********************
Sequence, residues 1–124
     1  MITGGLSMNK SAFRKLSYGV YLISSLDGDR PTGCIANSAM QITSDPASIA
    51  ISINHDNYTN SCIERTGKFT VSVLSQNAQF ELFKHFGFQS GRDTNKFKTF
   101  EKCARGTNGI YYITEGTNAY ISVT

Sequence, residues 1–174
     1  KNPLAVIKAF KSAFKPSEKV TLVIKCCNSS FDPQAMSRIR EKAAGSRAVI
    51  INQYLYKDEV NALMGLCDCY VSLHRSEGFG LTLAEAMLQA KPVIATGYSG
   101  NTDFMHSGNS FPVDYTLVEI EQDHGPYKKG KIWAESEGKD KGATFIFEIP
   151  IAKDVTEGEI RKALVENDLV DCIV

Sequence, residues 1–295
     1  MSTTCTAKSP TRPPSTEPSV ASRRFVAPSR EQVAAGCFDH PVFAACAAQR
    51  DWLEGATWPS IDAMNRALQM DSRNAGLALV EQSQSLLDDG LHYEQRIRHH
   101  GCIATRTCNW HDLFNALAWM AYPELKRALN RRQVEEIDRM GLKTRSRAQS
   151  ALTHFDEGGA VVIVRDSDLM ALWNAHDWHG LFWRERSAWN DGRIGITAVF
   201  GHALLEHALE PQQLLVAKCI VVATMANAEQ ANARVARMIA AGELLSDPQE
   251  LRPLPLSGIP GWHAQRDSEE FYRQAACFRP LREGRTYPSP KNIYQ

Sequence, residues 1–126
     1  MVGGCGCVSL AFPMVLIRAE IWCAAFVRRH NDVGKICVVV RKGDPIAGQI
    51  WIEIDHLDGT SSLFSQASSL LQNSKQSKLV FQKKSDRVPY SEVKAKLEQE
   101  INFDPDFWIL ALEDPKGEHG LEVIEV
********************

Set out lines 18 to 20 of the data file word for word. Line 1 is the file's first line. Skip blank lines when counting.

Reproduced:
     1  MVGGCGCVSL AFPMVLIRAE IWCAAFVRRH NDVGKICVVV RKGDPIAGQI
    51  WIEIDHLDGT SSLFSQASSL LQNSKQSKLV FQKKSDRVPY SEVKAKLEQE
   101  INFDPDFWIL ALEDPKGEHG LEVIEV